Re: [tsvwg] SCE / L4S and fragmentation

Bob Briscoe <> Sun, 15 March 2020 18:14 UTC

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To: Jonathan Morton <>
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From: Bob Briscoe <>
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Subject: Re: [tsvwg] SCE / L4S and fragmentation
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On 15/03/2020 16:15, Jonathan Morton wrote:
> I had hoped that a thread with this title represented an opportunity to discuss the effects of fragmentation on L4S and SCE, *without* immediately descending into tribalism and ad-hominem attacks.  Accordingly, I will decline to quote *any* of Bob Briscoe's latest post, in favour of summarising the technical content.

[BB] Readers on this list will see that you've used this as an excuse to 
snip (and not address) the cases where SCE doesn't work (again).

When you are indulging in attention deflection tactics and get called 
out, attacking the person who called you out is even less polite than 
the original behaviour.

> Firstly, we have apparently agreed that fragmentation has no deleterious effects on ECN codepoints applied prior to fragmentation.  I do not understand why I am being attacked for expressing that agreement.

[BB] I asked to retract the untruthful statement you had made that L4S 
was equally deficient in this respect. You were being called out (not 
attacked) for snipping that request.

> On the subject of IPv6 fragmentation, Bob previously asserted that RFC-3168 has nothing to say about IPv6.

[BB] Bob actually said RFC3168 "does not seem to recognize that IPv6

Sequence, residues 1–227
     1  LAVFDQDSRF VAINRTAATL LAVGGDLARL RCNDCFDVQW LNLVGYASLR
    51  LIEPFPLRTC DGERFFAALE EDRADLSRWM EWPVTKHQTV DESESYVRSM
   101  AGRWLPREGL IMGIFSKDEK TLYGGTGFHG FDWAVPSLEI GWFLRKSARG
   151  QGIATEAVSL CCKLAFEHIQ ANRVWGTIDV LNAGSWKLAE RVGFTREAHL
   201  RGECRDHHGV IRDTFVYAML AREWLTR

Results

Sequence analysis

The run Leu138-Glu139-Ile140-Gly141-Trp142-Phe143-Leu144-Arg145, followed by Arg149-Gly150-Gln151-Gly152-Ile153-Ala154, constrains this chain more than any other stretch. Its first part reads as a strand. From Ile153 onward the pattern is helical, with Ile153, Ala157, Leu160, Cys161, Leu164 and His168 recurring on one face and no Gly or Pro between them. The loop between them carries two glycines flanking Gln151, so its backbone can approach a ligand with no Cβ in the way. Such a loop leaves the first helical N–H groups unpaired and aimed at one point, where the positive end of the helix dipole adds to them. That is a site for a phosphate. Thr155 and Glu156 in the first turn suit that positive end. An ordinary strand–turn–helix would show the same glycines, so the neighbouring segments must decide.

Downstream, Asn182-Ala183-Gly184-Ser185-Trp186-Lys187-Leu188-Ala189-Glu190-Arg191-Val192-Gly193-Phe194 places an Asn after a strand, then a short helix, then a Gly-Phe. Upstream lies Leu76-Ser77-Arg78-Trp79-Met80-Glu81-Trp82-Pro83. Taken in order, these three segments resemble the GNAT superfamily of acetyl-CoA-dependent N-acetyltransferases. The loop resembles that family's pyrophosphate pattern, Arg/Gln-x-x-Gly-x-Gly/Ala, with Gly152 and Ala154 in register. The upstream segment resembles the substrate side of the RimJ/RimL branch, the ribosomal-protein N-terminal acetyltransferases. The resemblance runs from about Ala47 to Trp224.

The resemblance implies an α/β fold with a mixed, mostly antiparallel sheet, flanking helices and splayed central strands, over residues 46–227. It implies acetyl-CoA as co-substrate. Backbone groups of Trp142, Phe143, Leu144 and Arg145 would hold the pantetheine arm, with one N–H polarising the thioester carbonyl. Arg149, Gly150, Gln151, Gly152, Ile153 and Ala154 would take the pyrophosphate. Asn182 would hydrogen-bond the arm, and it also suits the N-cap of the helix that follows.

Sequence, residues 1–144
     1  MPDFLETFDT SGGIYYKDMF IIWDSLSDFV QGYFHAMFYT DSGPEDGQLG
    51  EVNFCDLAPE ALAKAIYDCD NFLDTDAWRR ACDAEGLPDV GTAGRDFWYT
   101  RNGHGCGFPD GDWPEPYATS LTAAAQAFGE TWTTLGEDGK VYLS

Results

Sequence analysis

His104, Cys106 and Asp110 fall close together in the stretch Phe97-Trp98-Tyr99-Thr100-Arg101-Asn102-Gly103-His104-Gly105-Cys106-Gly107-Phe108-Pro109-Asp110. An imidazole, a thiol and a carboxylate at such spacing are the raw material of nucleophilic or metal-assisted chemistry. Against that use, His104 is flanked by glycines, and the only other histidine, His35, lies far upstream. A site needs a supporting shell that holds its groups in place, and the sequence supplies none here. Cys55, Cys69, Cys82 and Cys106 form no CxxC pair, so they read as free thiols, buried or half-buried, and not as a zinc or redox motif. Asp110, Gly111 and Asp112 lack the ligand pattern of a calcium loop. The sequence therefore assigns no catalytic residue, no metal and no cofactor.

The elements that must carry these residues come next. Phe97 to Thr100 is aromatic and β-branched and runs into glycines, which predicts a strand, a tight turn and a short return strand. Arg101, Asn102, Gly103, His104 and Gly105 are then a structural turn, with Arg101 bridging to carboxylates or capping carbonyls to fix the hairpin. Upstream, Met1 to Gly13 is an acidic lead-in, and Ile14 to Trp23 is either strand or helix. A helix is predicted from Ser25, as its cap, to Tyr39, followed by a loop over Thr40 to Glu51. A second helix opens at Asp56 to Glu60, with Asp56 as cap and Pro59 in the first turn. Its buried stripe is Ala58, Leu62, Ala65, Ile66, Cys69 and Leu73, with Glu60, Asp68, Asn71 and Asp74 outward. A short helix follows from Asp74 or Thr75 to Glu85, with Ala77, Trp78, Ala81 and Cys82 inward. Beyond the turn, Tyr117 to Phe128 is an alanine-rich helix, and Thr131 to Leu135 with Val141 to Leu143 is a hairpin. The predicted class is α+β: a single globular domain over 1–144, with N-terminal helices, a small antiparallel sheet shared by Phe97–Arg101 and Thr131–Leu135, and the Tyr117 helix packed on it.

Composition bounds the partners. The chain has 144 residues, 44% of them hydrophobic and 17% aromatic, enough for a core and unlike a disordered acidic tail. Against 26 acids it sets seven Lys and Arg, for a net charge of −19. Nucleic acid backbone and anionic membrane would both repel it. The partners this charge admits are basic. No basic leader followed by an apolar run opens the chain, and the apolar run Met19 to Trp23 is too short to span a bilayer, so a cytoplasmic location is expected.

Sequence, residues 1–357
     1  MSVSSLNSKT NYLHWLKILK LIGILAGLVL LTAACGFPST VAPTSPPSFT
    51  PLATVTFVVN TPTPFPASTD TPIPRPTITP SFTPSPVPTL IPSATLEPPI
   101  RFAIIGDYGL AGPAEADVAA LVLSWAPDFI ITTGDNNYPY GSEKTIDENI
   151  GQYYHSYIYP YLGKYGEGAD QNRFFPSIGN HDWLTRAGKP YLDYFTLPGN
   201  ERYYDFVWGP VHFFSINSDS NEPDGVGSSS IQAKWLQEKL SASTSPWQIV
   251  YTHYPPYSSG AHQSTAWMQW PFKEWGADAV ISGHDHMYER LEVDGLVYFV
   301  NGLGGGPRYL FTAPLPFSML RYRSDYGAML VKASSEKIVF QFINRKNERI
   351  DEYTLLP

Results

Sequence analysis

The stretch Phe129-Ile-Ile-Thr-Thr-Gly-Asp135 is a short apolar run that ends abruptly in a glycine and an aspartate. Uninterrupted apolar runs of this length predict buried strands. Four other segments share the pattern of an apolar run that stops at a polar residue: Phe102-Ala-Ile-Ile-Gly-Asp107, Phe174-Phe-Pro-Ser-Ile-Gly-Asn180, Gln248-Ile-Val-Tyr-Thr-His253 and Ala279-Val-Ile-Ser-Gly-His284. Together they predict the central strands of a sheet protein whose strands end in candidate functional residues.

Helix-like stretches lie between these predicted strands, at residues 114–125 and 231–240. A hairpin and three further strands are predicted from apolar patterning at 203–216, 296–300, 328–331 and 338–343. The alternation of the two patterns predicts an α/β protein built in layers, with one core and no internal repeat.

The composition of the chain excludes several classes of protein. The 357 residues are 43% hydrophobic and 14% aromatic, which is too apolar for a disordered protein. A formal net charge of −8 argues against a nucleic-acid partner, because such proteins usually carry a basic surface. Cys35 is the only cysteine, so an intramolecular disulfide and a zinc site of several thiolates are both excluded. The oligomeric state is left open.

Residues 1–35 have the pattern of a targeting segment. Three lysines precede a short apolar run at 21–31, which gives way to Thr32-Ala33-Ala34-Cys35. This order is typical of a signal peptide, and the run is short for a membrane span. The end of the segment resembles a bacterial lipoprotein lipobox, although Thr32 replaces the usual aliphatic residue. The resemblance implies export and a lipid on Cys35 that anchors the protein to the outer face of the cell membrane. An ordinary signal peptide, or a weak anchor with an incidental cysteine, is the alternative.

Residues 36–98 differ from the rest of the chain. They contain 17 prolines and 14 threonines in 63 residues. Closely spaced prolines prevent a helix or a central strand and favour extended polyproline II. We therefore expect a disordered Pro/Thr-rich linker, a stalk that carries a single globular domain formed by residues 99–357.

*e2e fragmentation* exists."

> This is demonstrably false by a simple text search over RFC-3168, in which the IPv6 Traffic Class Octet is repeatedly equated with the IPv4 TOS Byte.  In §5.3 dealing with fragmentation, neither IPv4 nor IPv6 are explicitly mentioned, implying that the language therein applies equally to both.  I have not personally verified that any given IPv6 receiver correctly implements these rules, but I would expect that they generally do.

[BB] You would not be able to verify anything, because RFC3168 offers no 
rules to verify. It explicitly says that it offers no rules for how to 
reassemble a mixture of ECT(0) and ECT(1) fragments.

The remedy that RFC3168 offers for the lack of guidance on how to 
reassemble a mixture of ECT(0) and ECT(1) fragments is to set DF. No 
remedy is offered for IPv6 e2e fragmentation, which has no DF flag.

> So the only material difference is that IPv6 behaves as if the DF (Don't Fragment) bit is always set, which limits the scope of the problem at hand (for most transports) to the case of an on-path tunnel which performs outer fragmentation.  The only exception is when a jumbo datagram needs to be sent, but most such protocols are not ECTs (ECN Capable Transports) and are therefore out of scope for this discussion.  We can of course still discuss any specific counterexamples that might be identified.

[BB] The additional important exception that Bob highlighted is where 
UDP datagrams are larger that the MTU, in which case IPv6 has to do e2e 
fragmentation and reassembly.

If you snip these two points again without addressing them, I will 
assume everyone on the list will notice. So I will not bother to ask the 
questions again.

> Most ECTs are expected to set DF (on IPv4) and implement PMTUD.  Indeed, most do.  If certain tunnel implementations interact badly with PMTUD, I think that is primarily a problem for the tunnel, not the transport.  It is still desirable that the transport functions reasonably well in difficult circumstances, and that is part of what I hope to discuss in this thread.
> Bob stated that the language I referred to in the quote below was present in an earlier draft of rfc6040update-shim:
>> ISTR, at some point in the past, interim language was suggested which would require taking the ECN codepoint from one of the fragments constituting the packet, with the behaviour being otherwise unspecified except by the existing rules.  This would be a worthwhile improvement from SCE's point of view, and is likely to match at least some existing implementations.